It’s too simple to say some business executives perform better than others. Way too many factors determine a company’s success or failure than just the actions of the CEO. Especially companies that have been around for a long time.
I talk a lot about brand names. Because a great brand name makes everything easier.
We have great brand names in Memphis. FedEx, although the company originally didn’t want people saying FedEx, is a great brand. Federal gave the brand credibility in its earliest days. Auto Zone, though not the original name, is a strong brand. Better, I think, than the original, Auto Shack. LifeBlood’s a classic.
A great brand name you’ve probably never given a thought about is WKNO. Think about it. Public broadcasting in America has been a fact since the early Twentieth Century.
There’s one thing that everybody in every company can do to help make the company successful: be a mystery shopper. Test how easy it is to do business with your company.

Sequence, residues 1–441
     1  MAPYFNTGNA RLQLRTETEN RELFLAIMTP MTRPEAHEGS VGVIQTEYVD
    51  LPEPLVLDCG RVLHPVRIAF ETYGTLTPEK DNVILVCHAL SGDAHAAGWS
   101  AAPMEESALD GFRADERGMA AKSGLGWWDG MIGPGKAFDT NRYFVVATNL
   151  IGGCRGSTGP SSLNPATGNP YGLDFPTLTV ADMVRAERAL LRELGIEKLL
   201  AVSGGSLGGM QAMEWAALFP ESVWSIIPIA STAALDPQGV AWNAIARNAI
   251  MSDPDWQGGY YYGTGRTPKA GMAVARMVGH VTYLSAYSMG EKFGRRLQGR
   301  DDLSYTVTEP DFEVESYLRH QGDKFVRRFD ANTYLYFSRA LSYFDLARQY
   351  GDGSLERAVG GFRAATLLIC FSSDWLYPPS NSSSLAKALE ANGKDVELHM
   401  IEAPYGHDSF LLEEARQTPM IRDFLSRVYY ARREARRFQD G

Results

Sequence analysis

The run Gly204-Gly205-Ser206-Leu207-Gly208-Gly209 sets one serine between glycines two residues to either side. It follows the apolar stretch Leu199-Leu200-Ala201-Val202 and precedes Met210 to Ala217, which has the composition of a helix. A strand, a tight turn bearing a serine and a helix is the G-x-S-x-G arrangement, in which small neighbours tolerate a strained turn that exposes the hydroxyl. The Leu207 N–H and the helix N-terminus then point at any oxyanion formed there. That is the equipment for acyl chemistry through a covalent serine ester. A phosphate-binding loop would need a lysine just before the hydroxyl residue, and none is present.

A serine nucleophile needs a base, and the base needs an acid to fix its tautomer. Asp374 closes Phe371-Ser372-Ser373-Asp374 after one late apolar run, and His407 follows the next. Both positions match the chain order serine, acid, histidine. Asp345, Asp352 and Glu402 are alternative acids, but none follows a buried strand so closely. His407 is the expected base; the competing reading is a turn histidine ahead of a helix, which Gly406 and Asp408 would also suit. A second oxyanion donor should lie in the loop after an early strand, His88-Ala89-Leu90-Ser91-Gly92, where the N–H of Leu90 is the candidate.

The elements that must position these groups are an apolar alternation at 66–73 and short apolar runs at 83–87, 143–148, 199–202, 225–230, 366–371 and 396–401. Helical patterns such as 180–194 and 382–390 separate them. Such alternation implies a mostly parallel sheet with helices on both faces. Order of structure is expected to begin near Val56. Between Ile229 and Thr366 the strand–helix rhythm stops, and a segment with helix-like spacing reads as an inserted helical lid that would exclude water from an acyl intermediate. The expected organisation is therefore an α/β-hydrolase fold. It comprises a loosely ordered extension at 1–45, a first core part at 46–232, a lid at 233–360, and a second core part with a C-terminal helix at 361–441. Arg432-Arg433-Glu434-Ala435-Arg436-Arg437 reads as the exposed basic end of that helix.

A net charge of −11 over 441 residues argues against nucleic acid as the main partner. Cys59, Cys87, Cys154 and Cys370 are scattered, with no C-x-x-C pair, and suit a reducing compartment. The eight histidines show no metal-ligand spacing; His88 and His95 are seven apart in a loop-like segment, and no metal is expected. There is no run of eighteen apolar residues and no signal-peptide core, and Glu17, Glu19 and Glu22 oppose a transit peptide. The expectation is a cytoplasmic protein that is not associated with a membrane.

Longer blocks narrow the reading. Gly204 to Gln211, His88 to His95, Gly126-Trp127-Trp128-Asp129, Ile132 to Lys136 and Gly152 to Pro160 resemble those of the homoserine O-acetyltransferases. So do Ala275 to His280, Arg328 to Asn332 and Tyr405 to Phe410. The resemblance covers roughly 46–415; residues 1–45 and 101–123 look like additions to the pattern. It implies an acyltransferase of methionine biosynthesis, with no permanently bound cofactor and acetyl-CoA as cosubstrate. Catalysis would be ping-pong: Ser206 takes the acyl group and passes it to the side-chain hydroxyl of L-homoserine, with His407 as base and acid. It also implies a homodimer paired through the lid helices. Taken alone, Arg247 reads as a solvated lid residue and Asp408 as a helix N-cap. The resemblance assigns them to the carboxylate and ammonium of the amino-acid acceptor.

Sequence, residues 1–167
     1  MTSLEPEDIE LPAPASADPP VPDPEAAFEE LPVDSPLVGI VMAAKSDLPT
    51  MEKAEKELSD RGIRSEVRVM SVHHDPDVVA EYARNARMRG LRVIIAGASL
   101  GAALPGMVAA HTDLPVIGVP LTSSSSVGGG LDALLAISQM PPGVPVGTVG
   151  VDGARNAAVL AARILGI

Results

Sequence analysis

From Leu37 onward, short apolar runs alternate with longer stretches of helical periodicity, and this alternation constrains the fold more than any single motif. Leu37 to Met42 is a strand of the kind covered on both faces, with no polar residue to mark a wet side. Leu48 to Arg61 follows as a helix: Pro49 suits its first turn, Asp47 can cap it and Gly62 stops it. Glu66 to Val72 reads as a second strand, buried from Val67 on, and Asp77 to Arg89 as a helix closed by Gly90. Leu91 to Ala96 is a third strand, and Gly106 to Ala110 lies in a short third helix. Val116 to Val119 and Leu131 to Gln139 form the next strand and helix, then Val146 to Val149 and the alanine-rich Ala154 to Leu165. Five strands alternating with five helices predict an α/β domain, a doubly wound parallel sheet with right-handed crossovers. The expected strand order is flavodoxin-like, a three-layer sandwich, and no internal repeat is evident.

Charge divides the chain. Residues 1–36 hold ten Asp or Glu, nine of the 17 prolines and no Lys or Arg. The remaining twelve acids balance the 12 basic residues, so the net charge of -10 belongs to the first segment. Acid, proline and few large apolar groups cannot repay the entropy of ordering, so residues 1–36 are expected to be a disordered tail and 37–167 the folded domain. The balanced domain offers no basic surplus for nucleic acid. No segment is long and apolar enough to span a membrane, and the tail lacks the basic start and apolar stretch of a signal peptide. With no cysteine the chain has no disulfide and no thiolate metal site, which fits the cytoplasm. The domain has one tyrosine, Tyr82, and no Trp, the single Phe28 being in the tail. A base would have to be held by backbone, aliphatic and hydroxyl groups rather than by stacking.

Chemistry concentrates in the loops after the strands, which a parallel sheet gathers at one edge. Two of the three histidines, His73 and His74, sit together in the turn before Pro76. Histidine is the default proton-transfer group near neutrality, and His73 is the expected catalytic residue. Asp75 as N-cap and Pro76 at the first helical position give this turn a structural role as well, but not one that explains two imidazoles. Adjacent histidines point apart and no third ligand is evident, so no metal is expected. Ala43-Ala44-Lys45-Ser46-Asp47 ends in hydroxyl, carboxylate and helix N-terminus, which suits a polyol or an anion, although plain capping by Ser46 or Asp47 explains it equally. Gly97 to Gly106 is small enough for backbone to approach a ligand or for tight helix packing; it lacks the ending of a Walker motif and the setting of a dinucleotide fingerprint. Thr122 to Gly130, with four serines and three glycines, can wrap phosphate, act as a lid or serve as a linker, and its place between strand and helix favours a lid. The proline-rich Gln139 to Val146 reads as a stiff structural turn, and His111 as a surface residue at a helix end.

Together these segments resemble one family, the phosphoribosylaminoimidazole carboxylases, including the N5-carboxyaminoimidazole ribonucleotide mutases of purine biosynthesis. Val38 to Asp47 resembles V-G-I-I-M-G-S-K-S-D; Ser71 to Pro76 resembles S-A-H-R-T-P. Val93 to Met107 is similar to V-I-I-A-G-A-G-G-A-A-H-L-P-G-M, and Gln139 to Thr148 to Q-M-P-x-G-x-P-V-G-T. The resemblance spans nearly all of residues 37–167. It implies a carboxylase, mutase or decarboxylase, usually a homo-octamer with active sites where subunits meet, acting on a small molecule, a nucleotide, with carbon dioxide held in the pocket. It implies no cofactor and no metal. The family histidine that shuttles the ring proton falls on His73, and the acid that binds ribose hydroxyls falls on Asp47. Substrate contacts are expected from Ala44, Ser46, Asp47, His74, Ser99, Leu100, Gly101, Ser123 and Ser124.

A couple weeks ago I tried to make a reservation for a golf package on Alabama’s Robert Trent Jones Golf Trail. I went to the web site and called the direct number for the hotel on a Saturday evening. I was told to call back between nine and five on Sunday. I tried another number on the web site and got an answering machine with an announcement that I needed an extension number to reach anybody.
Lou Gerstner resurrected IBM with no previous knowledge of IBM’s business. He proved that a lack of company, even category, experience can be overcome. Gerstner was the exception.
A CEO with the full body of knowledge about a company and its category has a huge leg up. CEOs who grow up in a company know the pressure points at every level. They know where each job fits in the total scheme. They know the industry. And that means they know the competition.